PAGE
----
December 26, 2008

Viagra Used to Entice Afghan Warlords

A CIA officer gave an Afghan chieftain Viagra in an attempt to obtain information about Taliban movements.

The bearded Afghan, looking to be in his late 60s, returned enthusiastically with information and asking for more pills, after receiving the four blue Viagra pills from a CIA officer earlier.

According to officials involved in Afghanistan, this is how some battles are won, through novel incentives and creative bargaining in some of the country's roughest neighborhoods.  

The officials say that to win over notoriously fickle warlords and chieftains, the agency's operatives have used a variety of personal touches.  These include pocket knives and tools, medicine or surgeries for ailing family members, toys and school equipment, tooth extractions, travel visas and, occasionally, pharmaceutical enhancements for aging patriarchs with slumping libidos.

"Whatever it takes to make friends and influence people "“ whether it's building a school or handing out Viagra," said one longtime agency operative and veteran of several Afghanistan tours. Like other field officers interviewed for the story, he spoke on condition of anonymity when describing tactics and operations.

These inducements are necessary in Afghanistan, where warlords and tribal leaders expect to be paid for their cooperation, and where, for some, switching sides can be easy as changing tunics, according to officials.  If the Americans do not offer incentives, there are others who will, including Taliban commanders, drug dealers and Iranian agents.

Cash and weapons are the usual bribes of choice, but are not always the best options, Afghanistan veterans say.  Guns often fall into the wrong hands, and showy gifts such as money, jewelry and cars tend to draw unwanted attention.

"If you give an asset $1,000, he'll go out and buy the shiniest junk he can find, and it will be apparent that he has suddenly come into a lot of money from someone," said Jamie Smith, a veteran of CIA covert operations in Afghanistan and now chief executive officer of SCG International, a private security and intelligence company. "Even if he doesn't get killed, he becomes ineffective as an informant because everyone knows where he got it."

Smith said, that the key is to meet the informant's personal needs in a way that keeps him firmly on your side but leaves little trace.

"You're trying to bridge a gap between people living in the 18th century and people coming in from the 21st century," he said, "so you look for those common things in the form of material aid that motivate people everywhere."

There is a long tradition of using sex as a motivator among the world's intelligence agency.  A retired CIA officer and author of several books on Intelligence, Robert Baer, noted that the Soviet spy service was notorious for using attractive women as bait when seeking to turn foreign diplomats into informants.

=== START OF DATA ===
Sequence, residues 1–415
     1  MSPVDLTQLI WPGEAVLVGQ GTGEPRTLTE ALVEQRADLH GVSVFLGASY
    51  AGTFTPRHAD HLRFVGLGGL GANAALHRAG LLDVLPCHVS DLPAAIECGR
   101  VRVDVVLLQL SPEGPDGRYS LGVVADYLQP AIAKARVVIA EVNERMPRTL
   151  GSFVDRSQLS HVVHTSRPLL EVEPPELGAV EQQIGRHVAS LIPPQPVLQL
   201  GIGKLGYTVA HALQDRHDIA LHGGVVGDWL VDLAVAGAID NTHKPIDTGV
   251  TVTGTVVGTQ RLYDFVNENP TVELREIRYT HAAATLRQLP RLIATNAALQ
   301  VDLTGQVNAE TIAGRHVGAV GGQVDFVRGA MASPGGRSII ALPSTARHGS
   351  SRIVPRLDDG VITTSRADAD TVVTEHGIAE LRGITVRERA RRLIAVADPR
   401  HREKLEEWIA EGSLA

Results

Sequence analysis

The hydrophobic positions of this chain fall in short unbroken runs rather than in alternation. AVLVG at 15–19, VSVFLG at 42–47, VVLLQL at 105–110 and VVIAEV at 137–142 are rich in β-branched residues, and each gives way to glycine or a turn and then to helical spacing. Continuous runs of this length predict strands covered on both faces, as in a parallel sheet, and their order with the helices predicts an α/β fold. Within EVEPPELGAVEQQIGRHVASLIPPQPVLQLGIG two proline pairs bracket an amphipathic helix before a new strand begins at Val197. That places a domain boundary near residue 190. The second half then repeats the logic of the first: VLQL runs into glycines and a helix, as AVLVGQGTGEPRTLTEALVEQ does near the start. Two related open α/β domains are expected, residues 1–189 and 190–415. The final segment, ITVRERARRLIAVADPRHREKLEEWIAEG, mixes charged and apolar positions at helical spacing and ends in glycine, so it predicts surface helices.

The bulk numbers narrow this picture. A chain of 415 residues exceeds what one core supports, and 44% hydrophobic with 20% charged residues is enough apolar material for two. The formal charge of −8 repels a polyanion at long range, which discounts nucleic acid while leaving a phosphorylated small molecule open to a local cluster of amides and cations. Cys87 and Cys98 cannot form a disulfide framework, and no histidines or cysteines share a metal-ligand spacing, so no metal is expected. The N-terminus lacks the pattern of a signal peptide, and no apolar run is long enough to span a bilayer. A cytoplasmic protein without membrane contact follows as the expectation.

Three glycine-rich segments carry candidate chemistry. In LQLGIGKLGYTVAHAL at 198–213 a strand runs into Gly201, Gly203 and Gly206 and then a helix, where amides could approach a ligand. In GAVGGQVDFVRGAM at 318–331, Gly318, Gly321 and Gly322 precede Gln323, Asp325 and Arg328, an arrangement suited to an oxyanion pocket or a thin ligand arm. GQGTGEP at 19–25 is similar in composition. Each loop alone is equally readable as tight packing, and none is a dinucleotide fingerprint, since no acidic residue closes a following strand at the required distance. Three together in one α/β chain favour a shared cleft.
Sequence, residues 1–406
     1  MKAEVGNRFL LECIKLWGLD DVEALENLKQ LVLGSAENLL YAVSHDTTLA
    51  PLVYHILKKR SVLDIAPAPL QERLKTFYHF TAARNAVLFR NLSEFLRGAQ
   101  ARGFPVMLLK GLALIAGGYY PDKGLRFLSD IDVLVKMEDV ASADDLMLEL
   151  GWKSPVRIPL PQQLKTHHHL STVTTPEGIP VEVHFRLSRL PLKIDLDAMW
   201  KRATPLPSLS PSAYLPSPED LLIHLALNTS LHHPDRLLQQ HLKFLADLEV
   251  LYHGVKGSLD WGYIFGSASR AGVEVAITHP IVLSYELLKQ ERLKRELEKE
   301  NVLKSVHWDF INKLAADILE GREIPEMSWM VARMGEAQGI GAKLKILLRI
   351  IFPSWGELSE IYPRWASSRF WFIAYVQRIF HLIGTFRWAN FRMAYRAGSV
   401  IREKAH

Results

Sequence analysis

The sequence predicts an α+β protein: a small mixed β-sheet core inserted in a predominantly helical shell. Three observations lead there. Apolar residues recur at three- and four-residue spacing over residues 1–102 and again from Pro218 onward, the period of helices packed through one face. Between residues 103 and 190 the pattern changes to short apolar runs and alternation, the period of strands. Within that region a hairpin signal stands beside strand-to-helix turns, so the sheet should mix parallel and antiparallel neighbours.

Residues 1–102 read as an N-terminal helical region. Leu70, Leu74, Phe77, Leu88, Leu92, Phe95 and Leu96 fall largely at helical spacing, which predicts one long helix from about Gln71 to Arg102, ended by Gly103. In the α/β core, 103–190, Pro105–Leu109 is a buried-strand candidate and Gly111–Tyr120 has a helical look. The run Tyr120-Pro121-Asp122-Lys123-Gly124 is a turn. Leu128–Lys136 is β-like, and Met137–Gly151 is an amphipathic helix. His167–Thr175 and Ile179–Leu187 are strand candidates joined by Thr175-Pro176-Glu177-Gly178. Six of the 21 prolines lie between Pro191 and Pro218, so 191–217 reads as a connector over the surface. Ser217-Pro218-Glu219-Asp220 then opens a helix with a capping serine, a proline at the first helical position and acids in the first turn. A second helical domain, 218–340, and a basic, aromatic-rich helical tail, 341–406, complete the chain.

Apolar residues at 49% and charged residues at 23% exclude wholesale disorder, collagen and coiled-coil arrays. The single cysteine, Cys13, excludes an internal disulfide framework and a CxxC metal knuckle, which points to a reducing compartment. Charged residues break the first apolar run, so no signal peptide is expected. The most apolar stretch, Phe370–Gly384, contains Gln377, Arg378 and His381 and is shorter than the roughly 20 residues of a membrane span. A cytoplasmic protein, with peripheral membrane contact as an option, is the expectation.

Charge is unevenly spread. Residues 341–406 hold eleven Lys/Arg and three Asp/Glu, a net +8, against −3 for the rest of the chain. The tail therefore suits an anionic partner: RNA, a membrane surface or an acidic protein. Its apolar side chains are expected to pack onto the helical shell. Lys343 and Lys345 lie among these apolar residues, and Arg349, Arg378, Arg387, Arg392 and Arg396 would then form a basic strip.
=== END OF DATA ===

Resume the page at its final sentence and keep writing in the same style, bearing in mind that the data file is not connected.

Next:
"The KGB has always used 'honey traps,' and it works," Mr. Baer said.

He said that for American officers, a more common practice was to offer medical care for potential informants and their loved ones.  Some U.S. operatives in Afghanistan said, Western drugs such as Viagra are just one of the long list of enticements available for use in special cases.  Veteran officers familiar with such practices said Viagra is offered rarely, and only to older tribal officials to whom the drug would hold special appeal.

While these drugs are generally unavailable in the remote areas where the agency's team have operated, they have been sold in Kabul street markets since 2003, and are known by reputation in other places.

"You didn't hand it out to younger guys, but it could be a silver bullet to make connections to the older ones," said one retired operative familiar with the drug's use in Afghanistan. Afghan tribal leaders often have four wives "“ the maximum number allowed by the Quran "“ and some village patriarchs are easily sold on the pill.

Not everyone in Afghanistan's hinterlands has heard of the drug, making it awkward when Americans try to explain its effects.

This was the case with the 60-year-old chieftain who received the four pills from a U.S. operative.  The operative, now retired, said he talked to the clan leader for a long time through an interpreter, finding ways to secure loyalty.

A conversation of the man's family and wives provided inspiration.  Once it was established that the man was in good health, the pills were offered and accepted.

When the Americans returned four days later, the gift had worked its magic, the operative said.

"He came up to us beaming," the official said. "He said, 'You are a great man.' "

"And after that we could do whatever we wanted in his area."


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